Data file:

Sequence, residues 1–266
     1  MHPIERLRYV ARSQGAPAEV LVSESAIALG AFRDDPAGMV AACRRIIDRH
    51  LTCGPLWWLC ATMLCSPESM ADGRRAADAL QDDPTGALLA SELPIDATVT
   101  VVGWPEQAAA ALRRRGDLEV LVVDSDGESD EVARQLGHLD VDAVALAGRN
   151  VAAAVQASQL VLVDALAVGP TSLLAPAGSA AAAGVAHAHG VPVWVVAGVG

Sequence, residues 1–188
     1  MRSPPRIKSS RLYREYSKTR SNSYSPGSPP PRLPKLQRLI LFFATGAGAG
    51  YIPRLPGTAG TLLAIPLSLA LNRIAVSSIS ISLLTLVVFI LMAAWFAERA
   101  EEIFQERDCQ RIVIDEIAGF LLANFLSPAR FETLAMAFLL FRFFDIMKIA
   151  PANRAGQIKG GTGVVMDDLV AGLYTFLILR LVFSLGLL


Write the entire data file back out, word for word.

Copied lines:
Sequence, residues 1–266
     1  MHPIERLRYV ARSQGAPAEV LVSESAIALG AFRDDPAGMV AACRRIIDRH
    51  LTCGPLWWLC ATMLCSPESM ADGRRAADAL QDDPTGALLA SELPIDATVT
   101  VVGWPEQAAA ALRRRGDLEV LVVDSDGESD EVARQLGHLD VDAVALAGRN
   151  VAAAVQASQL VLVDALAVGP TSLLAPAGSA AAAGVAHAHG VPVWVVAGVG

Sequence, residues 1–188
     1  MRSPPRIKSS RLYREYSKTR SNSYSPGSPP PRLPKLQRLI LFFATGAGAG
    51  YIPRLPGTAG TLLAIPLSLA LNRIAVSSIS ISLLTLVVFI LMAAWFAERA
   101  EEIFQERDCQ RIVIDEIAGF LLANFLSPAR FETLAMAFLL FRFFDIMKIA
   151  PANRAGQIKG GTGVVMDDLV AGLYTFLILR LVFSLGLL